NEW YORK - APRIL 07: Dion Phaneuf #3 (L) of the Toronto Maple Leafs scores his first goal as a Leaf and is met by teammate Carl Gunnarsson #36. (Photo by Bruce Bennett/Getty Images)
The other day I posted about Delta SOT scores for the Leafs forwards based on the previous 3 seasons in the NHL. The stat (an invention of Puck Prospectus' Tom Awad) serves to measure the +/- rating on scoring chance generation or allowance while a given player is on the ice. Players with higher scores are on the ice for a larger number of good scoring chances than they allow.
I left a look at the Leafs blue line for a couple of days, and hopefully we can come at this second set of numbers with a slightly increased level of understanding. To assist in some of the discussion this time around I'm going to add some explanation of the adjustment calculations.Here is a synopsis of Tom Awad's explanations of adjustments to Delta scores:
This adjustment compensates for the zone in which a shift starts, and the percentages of faceoffs won by the team of the player in question. Defensive players often start in the defensive zone and then surrender a larger number of scoring chances against. That being said, the adjustment factor will not necessarily adjust a defensive player into a positive DeltaS score because defensive specialists often lack the offensive skills that lead to the generation of scoring chances at the other end of the ice.
This adjustment is just calculated as the average of the opponent players' Delta S scores. This may be a simplification of opposition effects, but in the end it should not be as large an impact as teammate factors, because it is basically a given that an NHL player will skate the majority of their ice time against a wider variety of opponents than teammates. With this and the previous adjustment we now have Delta SO.
Awad took each player’s Delta SO and calculated the amount of 5-on-5 time that they spent with each of their teammates. To determine the adjustment he then subtracted that teammate’s Delta SO per minute, multiplied by the number of minutes the two players played together, times 0.2.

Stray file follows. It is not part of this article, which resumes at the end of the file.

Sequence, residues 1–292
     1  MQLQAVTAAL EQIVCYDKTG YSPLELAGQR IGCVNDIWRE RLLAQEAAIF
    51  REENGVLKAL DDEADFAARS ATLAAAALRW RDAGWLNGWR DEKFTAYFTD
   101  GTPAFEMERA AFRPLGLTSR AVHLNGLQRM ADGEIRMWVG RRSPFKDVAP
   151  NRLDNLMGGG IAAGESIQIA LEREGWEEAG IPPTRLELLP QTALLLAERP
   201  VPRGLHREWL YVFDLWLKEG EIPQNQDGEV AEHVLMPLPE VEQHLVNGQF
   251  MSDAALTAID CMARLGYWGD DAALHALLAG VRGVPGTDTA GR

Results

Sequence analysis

For example, if Alex Ovechkin, Nicklas Backstrom, Alexander Semin, Mike Green and Jeff Schultz all played together all the time, and each one had a Delta SO of 10 in the same amount of ice time, then this process would give each of them a Delta SOT of 2 (subtracting 10 * 0.2 four times from each of them). Conversely, if Ovechkin played half of his time with these four players, and half of his time with 4 other players who each had a Delta SO of 5 (again in the same amount of ice time), then his Delta SOT would be 4.
So now that we have a more detailed explanation (which I hope adds to, or clears up, the discussion that occurred the other day) let's see how the Leafs defenders fared over the past 3 years in respect to the number of scoring chances they've been on the ice for versus the number they've been on the ice against.
|Player||Delta||Delta QS||Delta QO||Delta QT||Delta SOT|
So what does this tell us? On the negative side of the docket, Jeff Finger's trade value may never climb above zero. He appears to be a liability on the ice in terms of scoring chances against. Dion Phaneuf also needs to rebound from two poor seasons of Delta SOT scores. His time in Toronto at the end of the season may bode well in that regard as he actually registered a Delta SOT of +0.9 with the Leafs, so perhaps he is settling down in terms of the number of chances he's allowing.
On the more positive side of things, it appears every other Leaf blue liner has seen a steady increase in their Delta SOT scores over the past 3 seasons. Obviously Carl Gunnarsson and Luke Schenn are still in the early going of their careers, but Gunnarsson's +0.3 Delta SOT score at least bodes well for next season if he makes improvements. Similarly, Schenn's scores improved drastically from year one to year two, as he played slightly more sheltered minutes with superior teammates against easier opposition. Overall the net impact was to minimize the chances against while increasing the chances at the offensive end.
Mike Komisarek seems to have been placed in a less defensive role if his Delta QS adjustment is anything to go by. He also faced easier competition, so it will be interesting to see how he's used next season. Despite facing some of the team's toughest competition, Francois Beauchemin put in his best season out of his past three from the perspective of producing good scoring chances. Hopefully he can maintain that level of play.
Brett Lebda's numbers also make lots of sense. He was playing sheltered minutes up until this past season, often skating with superior teammates (which makes sense on Detroit). Then he dropped down the depth chart, and was seeing a reduced quality of teammate. Despite that fact, his Delta SOT number improved every year over the past three.
In the end, the fact that the Leafs Defense generally appears to have had solid Delta SOT scores last season (particularly in comparison to the forwards), leads to the conclusion that overall the team wasn't as bad defensively at 5 on 5 as it might appear from their record. This should serve as a further indictment of the shoddy goaltending of Vesa Toskala, but hey... we already knew that didn't we?
Feel free to contribute discussion below.